What the paper concludes is that the amount of methane released would have impacted climate. From the press release on this story: “Sauropod dinosaurs could in principle have produced enough of the greenhouse gas methane to warm the climate many millions of years ago, at a time when the Earth was warm and wet.” What about that says dinosaurs died from farting? There has been plenty of media attention for this story, and certainly some more even keeled coverage that actually bases the headline on the climate conclusions. Some examples include Never Stand Behind a Dinosaur on Climate Central, Dinosaur Farts May Have Caused Prehistoric Warming on RedOrbit or It’s A Gas: Dinosaur Flatulence May Have Warmed Earth on Yahoo/Reuters.The quick answer is no. Was a paper released regarding dinosaur farts? You bet (In the journal Cell Biology.) Did it conclude that farting led to the mass extinction of the dinosaurs? No. Of course with the headline potential a story like this poses how could some in the media resist, truly?

Apatosaurus louisae at the Carnegie Museum via Wikimedia Commons

Apatosaurus louisae at the Carnegie Museum via Wikimedia Commons

To draw conclusions about extinction and death when the topic of the paper is actually the amount of methane dinosaurs may have contributed to the atmosphere and thus climate change is misleading. In the media there has been the Fox News of it all whose headline “Dinosaurs ‘gassed’ themselves into extinction, British scientists say” goes right for the good stuff regardless of the paper’s conclusions. There has also been the necessary debunking on blogs like PZ Myers’ Pharyngula with “the reports of dinosaurs dying of farts are greatly exaggerated.”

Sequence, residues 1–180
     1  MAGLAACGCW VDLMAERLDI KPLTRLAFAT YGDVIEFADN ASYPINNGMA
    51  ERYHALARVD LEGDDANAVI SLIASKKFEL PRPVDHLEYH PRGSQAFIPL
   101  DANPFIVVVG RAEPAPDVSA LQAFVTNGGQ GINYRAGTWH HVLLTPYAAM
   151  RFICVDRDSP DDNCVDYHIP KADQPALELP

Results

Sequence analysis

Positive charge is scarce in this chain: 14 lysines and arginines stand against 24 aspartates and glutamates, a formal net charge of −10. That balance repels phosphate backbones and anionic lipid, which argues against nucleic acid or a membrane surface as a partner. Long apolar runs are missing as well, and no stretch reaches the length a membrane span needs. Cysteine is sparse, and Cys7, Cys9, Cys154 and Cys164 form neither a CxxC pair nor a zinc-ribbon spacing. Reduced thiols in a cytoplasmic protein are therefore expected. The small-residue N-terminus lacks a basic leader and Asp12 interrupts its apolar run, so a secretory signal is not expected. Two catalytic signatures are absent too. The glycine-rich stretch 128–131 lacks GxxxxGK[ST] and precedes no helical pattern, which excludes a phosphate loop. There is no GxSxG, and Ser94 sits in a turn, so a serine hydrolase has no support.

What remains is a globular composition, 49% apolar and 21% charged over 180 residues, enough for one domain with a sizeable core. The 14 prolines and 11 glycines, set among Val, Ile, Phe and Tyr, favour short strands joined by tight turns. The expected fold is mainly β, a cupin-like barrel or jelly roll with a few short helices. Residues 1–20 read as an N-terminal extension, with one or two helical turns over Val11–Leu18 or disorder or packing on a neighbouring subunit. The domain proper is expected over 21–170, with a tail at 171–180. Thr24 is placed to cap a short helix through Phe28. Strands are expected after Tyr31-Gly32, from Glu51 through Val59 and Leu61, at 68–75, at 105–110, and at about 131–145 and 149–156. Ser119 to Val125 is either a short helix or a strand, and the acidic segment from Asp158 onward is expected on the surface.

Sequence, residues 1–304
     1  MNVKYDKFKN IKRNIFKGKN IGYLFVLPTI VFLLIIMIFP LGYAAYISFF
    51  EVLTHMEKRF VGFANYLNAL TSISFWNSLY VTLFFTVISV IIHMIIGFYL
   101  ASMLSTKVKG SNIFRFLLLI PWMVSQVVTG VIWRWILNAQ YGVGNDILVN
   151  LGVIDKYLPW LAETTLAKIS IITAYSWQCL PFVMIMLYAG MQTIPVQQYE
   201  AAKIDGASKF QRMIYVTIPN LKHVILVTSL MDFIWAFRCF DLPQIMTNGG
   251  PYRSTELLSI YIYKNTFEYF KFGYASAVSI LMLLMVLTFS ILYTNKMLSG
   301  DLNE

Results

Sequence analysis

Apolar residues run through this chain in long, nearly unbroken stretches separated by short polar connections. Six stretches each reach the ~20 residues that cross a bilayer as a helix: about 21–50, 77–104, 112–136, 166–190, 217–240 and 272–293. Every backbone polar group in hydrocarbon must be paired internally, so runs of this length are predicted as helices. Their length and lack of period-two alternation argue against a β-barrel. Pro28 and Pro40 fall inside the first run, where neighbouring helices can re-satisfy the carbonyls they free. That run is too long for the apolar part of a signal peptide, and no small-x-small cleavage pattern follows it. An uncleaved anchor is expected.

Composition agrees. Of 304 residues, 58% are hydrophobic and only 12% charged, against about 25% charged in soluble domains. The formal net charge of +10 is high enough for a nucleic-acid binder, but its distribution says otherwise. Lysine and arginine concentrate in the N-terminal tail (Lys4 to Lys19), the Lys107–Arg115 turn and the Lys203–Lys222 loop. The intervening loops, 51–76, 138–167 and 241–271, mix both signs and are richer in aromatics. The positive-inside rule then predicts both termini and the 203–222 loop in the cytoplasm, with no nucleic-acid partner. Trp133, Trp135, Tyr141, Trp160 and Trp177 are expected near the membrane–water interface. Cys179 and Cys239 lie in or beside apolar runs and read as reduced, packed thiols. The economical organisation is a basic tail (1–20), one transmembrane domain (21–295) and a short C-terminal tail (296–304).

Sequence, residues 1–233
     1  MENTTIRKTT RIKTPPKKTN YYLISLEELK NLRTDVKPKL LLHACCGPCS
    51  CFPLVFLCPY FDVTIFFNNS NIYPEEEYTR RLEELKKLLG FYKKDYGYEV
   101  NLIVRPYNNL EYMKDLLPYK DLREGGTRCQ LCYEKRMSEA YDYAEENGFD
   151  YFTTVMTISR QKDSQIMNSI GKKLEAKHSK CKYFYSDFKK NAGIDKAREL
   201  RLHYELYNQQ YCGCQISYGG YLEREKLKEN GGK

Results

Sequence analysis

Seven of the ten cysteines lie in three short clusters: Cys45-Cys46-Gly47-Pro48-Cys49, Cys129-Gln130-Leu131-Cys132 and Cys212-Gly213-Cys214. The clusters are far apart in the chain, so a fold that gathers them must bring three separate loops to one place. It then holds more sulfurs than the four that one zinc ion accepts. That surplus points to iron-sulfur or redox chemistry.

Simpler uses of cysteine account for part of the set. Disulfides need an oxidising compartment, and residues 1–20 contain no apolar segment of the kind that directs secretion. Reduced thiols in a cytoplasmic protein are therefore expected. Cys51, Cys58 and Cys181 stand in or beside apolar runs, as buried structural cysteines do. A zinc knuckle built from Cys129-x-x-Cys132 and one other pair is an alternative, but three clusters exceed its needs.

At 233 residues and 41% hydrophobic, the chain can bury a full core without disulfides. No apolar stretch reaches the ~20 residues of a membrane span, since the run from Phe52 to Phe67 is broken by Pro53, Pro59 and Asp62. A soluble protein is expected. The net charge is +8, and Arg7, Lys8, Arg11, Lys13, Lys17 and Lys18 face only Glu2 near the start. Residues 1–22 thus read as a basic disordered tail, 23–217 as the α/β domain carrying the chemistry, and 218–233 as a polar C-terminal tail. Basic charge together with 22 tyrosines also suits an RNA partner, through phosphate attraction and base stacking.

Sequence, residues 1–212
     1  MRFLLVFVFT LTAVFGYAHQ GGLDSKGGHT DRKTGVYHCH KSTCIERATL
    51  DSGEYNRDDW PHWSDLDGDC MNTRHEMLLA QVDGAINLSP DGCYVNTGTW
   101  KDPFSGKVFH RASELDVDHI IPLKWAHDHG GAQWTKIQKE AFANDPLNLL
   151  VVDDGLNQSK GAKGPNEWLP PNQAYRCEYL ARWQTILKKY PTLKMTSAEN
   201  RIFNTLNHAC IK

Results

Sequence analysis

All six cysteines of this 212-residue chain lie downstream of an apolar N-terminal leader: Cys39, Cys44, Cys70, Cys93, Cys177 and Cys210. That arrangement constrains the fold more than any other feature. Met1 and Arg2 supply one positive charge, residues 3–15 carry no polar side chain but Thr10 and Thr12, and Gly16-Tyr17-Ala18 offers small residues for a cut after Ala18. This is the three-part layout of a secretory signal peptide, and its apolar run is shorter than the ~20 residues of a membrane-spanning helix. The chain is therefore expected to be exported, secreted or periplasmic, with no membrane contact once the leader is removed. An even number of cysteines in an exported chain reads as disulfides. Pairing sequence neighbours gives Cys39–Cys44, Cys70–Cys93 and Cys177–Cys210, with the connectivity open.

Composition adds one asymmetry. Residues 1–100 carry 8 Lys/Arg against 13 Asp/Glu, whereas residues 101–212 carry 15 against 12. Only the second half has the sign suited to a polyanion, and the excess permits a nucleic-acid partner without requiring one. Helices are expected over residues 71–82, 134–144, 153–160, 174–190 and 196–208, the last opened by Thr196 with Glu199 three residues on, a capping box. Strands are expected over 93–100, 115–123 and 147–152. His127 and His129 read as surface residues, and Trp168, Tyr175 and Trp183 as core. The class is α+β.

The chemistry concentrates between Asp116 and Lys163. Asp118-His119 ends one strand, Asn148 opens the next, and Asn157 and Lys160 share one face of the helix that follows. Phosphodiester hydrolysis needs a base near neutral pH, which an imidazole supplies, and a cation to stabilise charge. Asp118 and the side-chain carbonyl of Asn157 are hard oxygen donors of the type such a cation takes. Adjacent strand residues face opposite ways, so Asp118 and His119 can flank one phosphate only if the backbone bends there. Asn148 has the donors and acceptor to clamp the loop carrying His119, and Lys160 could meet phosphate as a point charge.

Another interesting aspect of this story is the fact that is was subject to an embargo break. For the non-journalists among us an embargo is when journalists are informed about a story but asked to hold it for one reason or another. This is a common practice and in general journalists tend to abide by it, but not always. Often in science journalism the story is embargoed until the release of the paper in whatever journal it is being published. For more on this embargo break, check out the blog EmbargoWatch which does a consistently good job of keeping track of such story breaks.

Dinosaur Stopped Dead In Its Tracks, Literally.

We know a tremendous amount about dinosaurs from studying their fossilized remains, but the amount that we don’t know or haven’t seen in the fossil record far surpasses our knowledge. I’m a sure sucker for a good dinosaur fossil story, and pitched several while interning at Geekosystem over the summer. I’m still working through my list of links that didn’t make the cut this summer, and wanted to share this dinosaur discovery (that I read about in this New Scientist article).

Image credit: Grzegorz Niedzwiedzki
To say that something stopped dead in its tracks is a common phrase, but it is really an uncommon occurrence. That is what makes the discovery by Polish paleontologists of a Protoceratops fossilized alongside impressions of its final footprints so impressive. This dinosaur was literally stopped dead in its tracks. The fossils were found in Mongolia, and belong to a dinosaur that lived approximately 80 million years ago. Due to the fact that finding fossilized remains of land animals and their tracks is so rare, the discovery is particularly exciting. 
It is rare to find a fossilized land vertebrate alongside its footprints, because generally the conditions needed to preserve tracks and bone are different. It is easier to observe invertebrate marine creatures fossilized with their tracks because a single layer of sediment is more likely to be able to preserve both. Adding to the difficulty is the challenge of matching tracks with a specific creature. The pads or soft tissue that covers a foot isn’t going to be preserved on the skeleton, which will make it harder to match tracks with a species.